When It Comes To Cyber Monday 2012 – Exact Match Domains Win Again

I did a post yesterday about how exact-match domains were dominating search results for Black Friday 2012, however this year more than 50% of the November sales burst is expected to come from Cyber Monday. Let’s face it, gone are the days of consumers being afraid to buy online, in fact, more consumers are buying online than ever before and this Cyber Monday is expected to be the biggest in history.

So I thought it would be interesting to take a look at how exact-match domains are doing for the wildly popular search term, Cyber Monday and I found once again exact-match domains are doing very well. In the #1 spot is CyberMonday.com, followed by Wikipedia, and then in CyberMonday2012.com in the #3 spot.

Cyber Monday 2012

Scroll a bit further down, but still on Google page one and you’ll find BestCyberMonday.com, another exact-match domain. If you look at the link profile you’ll find that BestCyberMonday.com doesn’t have tons of link juice either, they only have 15 root domains linking in with the highest authority link coming from a popular link directory. It is very clear that the exact-match domain is helping this site because as Google themselves said, they aren’t punishing exact-match domains, they are punishing “low-quality” exact-match domains.

This CyberMonday will most likely be the highest single online shopping day the US has ever seen, and some smart exact-match domain owners are making it happen. Yes, low-quality exact-match domains with poorly written articles and AdSense ads all over the place are being pruned from Google’s search index, but exact-match domains are very much alive and well.

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{ 3 comments… add one }

  • Mike November 9, 2012, 9:45 am

    I think there’s been a lot of confusion and panic over the “EMD penalty”. Good sites will always rank whether they’re on a brandable domain or an exact match domain. Poor quality sites shouldn’t rank very well, but there was a boost given for EMDs even if they were low quality. Google has simply removed that advantage, they’re not penalizing every EMD.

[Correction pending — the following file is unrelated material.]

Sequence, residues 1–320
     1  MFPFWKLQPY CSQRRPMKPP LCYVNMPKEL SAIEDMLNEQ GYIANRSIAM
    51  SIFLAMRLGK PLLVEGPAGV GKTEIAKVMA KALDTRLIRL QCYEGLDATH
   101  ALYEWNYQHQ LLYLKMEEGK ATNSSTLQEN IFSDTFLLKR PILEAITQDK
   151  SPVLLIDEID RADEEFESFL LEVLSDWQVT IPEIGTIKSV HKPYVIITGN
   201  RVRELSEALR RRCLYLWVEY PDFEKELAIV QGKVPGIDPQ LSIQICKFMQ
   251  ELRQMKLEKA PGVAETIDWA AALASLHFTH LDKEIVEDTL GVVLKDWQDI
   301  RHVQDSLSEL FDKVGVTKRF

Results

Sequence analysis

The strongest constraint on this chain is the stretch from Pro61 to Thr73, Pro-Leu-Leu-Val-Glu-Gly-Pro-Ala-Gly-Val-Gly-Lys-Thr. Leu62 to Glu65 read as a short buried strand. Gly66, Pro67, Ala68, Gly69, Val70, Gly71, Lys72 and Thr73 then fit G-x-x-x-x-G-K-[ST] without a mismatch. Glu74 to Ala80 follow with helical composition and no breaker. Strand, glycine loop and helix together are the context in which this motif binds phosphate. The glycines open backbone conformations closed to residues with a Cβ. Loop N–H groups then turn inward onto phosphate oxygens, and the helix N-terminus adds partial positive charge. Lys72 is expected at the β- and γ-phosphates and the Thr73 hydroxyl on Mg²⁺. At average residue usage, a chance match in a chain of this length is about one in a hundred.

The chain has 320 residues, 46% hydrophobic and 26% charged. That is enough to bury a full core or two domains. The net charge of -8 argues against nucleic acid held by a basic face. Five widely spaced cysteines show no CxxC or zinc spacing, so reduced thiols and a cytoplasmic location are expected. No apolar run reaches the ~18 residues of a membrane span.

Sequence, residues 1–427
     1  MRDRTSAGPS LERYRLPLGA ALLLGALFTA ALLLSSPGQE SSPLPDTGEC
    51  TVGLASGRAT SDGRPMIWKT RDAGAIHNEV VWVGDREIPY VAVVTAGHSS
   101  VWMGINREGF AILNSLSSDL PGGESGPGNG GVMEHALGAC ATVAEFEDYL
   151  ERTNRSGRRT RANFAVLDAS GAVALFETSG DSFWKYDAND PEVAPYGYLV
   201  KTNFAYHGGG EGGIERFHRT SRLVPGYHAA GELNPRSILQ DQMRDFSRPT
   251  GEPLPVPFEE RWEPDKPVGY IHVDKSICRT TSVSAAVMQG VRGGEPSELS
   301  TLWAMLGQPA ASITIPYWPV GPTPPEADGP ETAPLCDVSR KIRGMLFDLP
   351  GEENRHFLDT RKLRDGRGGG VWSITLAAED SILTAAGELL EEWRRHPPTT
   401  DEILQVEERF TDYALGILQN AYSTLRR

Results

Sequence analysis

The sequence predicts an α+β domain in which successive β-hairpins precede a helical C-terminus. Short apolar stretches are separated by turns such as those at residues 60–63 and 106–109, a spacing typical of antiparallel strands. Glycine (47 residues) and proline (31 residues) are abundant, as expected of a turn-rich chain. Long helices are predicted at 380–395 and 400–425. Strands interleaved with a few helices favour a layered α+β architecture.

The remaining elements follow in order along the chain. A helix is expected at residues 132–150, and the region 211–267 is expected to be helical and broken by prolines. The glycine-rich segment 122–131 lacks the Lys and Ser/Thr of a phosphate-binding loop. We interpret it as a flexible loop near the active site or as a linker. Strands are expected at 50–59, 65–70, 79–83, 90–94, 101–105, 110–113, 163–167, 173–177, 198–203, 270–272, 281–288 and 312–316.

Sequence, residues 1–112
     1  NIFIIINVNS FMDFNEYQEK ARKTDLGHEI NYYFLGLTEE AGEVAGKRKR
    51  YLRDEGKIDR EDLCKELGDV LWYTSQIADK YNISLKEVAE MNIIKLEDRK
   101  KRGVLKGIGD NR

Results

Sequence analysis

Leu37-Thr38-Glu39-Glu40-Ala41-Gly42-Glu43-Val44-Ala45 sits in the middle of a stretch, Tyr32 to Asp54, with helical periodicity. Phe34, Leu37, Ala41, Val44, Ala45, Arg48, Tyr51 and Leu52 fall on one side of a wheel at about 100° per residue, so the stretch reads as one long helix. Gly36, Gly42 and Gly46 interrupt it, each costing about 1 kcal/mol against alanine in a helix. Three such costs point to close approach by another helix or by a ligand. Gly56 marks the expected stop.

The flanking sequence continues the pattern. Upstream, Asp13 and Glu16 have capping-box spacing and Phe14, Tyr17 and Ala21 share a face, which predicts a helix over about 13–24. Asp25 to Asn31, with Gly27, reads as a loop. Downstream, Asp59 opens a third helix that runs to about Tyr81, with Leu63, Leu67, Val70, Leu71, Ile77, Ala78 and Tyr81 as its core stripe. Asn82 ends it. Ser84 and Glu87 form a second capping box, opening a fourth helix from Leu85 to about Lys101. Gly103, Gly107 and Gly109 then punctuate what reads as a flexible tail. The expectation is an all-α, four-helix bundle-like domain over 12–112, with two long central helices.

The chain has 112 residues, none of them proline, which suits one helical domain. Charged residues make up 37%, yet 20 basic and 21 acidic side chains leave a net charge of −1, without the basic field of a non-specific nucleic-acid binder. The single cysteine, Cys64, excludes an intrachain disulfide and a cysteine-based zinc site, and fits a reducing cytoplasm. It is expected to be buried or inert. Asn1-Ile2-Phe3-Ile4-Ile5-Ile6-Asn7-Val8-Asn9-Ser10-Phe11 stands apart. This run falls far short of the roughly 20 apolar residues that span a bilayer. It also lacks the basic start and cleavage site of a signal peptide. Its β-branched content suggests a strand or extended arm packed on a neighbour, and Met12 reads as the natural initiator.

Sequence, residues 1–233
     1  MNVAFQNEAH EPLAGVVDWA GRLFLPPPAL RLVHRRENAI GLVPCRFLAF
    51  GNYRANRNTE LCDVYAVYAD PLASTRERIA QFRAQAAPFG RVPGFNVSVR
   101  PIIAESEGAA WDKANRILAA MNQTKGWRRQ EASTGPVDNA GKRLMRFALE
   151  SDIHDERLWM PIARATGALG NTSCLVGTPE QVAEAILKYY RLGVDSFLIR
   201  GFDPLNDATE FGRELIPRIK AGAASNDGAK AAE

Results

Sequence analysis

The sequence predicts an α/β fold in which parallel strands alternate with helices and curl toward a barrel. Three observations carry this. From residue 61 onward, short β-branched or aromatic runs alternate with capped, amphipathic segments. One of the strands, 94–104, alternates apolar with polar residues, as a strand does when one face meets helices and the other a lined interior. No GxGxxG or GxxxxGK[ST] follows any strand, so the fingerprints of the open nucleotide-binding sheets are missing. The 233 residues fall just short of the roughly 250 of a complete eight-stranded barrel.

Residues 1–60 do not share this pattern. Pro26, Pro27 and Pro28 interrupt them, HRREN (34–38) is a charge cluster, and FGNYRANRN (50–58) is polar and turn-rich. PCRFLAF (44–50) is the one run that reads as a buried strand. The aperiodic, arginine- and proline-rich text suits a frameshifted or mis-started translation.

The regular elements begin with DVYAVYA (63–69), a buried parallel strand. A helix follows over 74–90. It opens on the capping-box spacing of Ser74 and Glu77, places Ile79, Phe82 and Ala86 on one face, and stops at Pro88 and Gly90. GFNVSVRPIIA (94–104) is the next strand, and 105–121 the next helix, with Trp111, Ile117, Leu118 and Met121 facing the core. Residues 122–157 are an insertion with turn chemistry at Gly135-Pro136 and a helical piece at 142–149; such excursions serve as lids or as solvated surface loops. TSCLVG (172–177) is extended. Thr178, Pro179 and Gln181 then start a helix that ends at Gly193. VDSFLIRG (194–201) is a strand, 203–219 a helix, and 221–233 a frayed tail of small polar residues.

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  • john andrews November 9, 2012, 9:49 am

    Nice to see review of what really ranks. However, I suspect there’s a lot more to it than the domain. The “exact match bonus” does exist, but there are many other factors that currently (due to recent changes at Google) have a larger impact than previously noted. They may be supporting those exact match domains even while exact match bonus is diminished.

    Content, content-support from specific audience, and several other nuanced factors play a larger role than ever before right now. AND the exact match bonus is more difficult to earn with new domains these days. AND we know that google parses multiword domains when considering exact match factors, and that multi-word partial exact match is a factor in link support (anchor text), nearest-neighbor support (the context of an embedded link), and several other kinds of support used by Google for rankings.

    Also note that many of Google’s recent “innovations” have age-related implementation factors… some (but not all) have grandfathering for trust (support), for some (but not all) facets of the value signals Google uses for rankings. Pretty hard to compare domains that are not the same age and history.

    You also have to consider the user acceptance of the domain name relative to the INTENT of the query. A “cyber monday deals” query will be analyzed for intent. “deals” means “sale, coupon, discount, limited time offer, etc” and “Cyber Monday” is treated as a “brand”, so in this case it’s a commercial/transactional brand query, and Google will deliver a different set of results than it will for something like “Cyber Monday”. I am guessing when I say that one is more of a blend of informational (“what is/when is Cyber Monday”), brand (“Cyber Monday”), navigational (“CyberMonday.com, CyberMOnday2012.com”, etc) and universal search ( a splattering of popular and authoritative Cyber Monday resources, to see which ones users like).

    Google’s pretty complex these days, and everything I noted above (except partial exact match) is BEFORE Google factors in the overall user behavior history they have access to via their analytics and other tracking products.

    Pretty tough to draw conclusions from easy analysis these days.

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  • Morgan November 9, 2012, 3:29 pm

    @Mike – completely agreed.

    @John – there are absolutely many more things that go into ranking than exact-match domains, this is just one small piece of the puzzle. However, many people freaked-out when Matt Cutts introduced the algorithm changes impacting exact-match domains and I think it’s important for people to know that these still have plenty of value…it all depends on what you do with them.

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